Challenging lawsuits related to inclusion of protected classes have surfaced in jurisdictions in recent years because issues of equity were not being addressed adequately. For example, instances of people having Access and Functional Needs (AFN) are not being properly served in shelters after a disaster. Federal efforts have stepped up to put those concerns into the framework and presidential directives, but when jurisdiction does not embrace cultural inclusion, issues arise in the public safety sector.

During the “blue sky” pre-disaster period, before a disaster hits, it is important to continually develop and educate ourselves on ways to be inclusive.  Organizations and first responders can participate in trainings, develop policies, and build relationships and understanding to build cultural competency in order to practice what Frew calls “radical” inclusion.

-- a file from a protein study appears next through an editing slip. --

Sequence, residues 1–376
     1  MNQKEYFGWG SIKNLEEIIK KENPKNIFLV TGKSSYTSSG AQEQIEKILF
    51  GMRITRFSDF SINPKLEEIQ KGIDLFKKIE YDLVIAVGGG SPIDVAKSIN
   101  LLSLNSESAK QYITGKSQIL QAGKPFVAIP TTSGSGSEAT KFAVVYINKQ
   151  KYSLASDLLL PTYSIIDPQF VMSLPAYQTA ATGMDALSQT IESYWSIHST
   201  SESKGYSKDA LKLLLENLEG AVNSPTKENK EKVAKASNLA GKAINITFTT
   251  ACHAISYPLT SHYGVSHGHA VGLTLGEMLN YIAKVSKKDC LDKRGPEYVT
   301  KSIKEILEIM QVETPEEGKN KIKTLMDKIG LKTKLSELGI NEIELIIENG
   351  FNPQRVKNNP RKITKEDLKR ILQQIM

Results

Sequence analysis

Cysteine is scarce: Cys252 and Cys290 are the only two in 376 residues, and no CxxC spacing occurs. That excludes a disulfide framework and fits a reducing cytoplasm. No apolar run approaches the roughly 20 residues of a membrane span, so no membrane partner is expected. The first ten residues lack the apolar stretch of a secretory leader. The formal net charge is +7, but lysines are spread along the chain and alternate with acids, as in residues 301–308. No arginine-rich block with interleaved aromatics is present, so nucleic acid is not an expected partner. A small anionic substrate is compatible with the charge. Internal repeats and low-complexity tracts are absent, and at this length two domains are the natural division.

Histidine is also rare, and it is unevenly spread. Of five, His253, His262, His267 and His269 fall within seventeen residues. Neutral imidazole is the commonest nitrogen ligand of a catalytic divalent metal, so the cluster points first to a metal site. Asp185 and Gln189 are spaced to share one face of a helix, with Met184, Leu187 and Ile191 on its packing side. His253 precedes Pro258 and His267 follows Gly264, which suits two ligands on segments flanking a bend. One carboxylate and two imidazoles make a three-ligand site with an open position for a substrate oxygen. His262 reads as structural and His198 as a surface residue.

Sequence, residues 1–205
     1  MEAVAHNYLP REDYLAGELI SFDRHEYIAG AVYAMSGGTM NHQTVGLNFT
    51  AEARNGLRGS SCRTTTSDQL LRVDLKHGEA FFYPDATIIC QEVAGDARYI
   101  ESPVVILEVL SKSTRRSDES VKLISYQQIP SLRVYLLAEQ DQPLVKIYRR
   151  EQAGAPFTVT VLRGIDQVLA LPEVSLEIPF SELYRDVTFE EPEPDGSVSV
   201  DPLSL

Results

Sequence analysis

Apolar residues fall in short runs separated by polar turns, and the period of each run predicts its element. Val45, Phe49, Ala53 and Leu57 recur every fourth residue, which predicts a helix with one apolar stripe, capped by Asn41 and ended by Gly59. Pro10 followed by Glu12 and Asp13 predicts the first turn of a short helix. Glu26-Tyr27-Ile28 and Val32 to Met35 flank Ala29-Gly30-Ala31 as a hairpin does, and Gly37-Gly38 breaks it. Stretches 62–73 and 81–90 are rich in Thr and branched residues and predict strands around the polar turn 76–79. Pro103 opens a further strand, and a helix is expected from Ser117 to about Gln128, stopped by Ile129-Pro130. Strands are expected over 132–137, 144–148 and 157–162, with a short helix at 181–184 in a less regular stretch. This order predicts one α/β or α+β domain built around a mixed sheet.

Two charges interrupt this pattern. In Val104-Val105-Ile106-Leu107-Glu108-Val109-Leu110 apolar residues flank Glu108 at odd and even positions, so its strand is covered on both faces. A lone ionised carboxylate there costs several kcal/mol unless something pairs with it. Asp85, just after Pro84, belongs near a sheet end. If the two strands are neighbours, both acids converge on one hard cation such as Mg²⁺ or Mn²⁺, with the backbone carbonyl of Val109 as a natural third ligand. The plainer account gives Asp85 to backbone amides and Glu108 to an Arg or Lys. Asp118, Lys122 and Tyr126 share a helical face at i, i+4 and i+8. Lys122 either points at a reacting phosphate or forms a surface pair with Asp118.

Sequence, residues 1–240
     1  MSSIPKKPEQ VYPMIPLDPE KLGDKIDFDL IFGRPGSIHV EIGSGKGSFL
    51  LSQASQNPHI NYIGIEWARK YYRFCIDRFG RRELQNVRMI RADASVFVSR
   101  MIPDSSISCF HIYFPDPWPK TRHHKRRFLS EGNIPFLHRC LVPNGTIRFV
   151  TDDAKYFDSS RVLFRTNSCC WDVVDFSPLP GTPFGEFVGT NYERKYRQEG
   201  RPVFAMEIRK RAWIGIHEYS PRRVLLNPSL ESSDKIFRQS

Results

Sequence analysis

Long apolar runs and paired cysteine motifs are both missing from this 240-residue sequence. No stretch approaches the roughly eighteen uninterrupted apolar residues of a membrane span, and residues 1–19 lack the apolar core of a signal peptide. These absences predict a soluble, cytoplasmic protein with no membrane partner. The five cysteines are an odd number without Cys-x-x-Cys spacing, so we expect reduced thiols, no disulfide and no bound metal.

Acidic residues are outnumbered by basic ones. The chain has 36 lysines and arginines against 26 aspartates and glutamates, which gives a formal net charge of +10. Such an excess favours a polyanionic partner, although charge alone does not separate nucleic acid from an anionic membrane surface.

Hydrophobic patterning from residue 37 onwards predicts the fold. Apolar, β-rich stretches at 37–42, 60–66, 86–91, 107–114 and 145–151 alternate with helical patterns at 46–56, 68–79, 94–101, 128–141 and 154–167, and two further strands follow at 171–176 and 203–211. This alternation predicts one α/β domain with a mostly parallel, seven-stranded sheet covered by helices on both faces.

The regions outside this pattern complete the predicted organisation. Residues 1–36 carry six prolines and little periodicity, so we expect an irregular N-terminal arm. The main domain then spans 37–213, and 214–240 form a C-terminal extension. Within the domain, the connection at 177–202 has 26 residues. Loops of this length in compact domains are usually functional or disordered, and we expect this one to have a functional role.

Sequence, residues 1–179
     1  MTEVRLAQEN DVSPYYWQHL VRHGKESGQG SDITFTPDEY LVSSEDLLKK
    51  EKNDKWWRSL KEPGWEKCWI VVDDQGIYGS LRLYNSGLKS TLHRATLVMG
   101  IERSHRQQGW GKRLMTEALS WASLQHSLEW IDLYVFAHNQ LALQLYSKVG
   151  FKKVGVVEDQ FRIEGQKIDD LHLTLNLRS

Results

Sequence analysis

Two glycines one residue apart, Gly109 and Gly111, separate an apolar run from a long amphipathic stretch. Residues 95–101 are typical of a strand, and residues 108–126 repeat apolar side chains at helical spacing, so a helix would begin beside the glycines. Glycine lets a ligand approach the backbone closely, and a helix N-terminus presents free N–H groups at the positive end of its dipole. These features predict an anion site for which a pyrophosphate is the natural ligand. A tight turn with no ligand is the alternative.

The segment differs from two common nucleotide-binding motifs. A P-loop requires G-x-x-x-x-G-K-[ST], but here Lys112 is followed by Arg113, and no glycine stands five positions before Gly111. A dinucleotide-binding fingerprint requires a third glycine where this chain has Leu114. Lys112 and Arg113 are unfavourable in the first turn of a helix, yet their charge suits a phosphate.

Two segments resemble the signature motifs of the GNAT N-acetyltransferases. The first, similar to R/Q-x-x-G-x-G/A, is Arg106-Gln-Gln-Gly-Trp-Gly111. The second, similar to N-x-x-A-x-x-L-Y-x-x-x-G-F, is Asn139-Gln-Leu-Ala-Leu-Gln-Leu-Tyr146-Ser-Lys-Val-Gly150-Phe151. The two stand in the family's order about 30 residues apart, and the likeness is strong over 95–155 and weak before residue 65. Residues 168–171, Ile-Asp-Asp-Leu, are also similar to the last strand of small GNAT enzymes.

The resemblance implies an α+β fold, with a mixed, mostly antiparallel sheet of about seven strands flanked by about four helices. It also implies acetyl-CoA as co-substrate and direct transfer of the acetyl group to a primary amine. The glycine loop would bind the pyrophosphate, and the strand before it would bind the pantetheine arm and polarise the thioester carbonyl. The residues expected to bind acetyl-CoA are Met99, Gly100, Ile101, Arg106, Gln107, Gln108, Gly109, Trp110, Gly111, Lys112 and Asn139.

Frew has led trainings, exercises, community outreach and engagement initiatives to build inclusive policy, programs and communications. Through local public workshops, games and interactive experiences, community participants helped shape their local jurisdictions’ policies and better train to respond. One series of public workshops for a planning department included youth, elderly, environmentalists, local officials and professionals in real estate. The public engagement efforts not only helped shape policy for the county officials through the feedback, but also helped build bridges of mutual understanding and respect among the widely differing cultural groups.

Frew provides helpful tips in making sure that agencies, public health sectors and companies can expand on being culturally inclusive and helping them avoid any legal problems. First, public safety professionals should understand the socio-demographic profile of the community they are serving. Frew says to ask questions such as, “what’s changing in the community? What new population groups are moving into the area? What’s the comfort level of technology?” Understanding a community is not limited to language and race, but reflects traditions and belief structures, which often guides them how to react in life-threatening emergency situations.